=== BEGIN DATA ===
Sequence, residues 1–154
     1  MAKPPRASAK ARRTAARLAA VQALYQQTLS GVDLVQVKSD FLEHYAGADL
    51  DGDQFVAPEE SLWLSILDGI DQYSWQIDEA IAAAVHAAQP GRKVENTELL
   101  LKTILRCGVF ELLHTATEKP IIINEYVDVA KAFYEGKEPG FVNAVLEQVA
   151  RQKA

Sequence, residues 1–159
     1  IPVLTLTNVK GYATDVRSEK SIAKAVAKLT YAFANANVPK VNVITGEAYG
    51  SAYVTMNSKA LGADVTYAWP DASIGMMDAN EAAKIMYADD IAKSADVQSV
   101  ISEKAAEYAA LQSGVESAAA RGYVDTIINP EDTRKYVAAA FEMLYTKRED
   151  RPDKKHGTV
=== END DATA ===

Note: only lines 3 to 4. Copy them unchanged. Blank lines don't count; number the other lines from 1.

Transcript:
    51  DGDQFVAPEE SLWLSILDGI DQYSWQIDEA IAAAVHAAQP GRKVENTELL
   101  LKTILRCGVF ELLHTATEKP IIINEYVDVA KAFYEGKEPG FVNAVLEQVA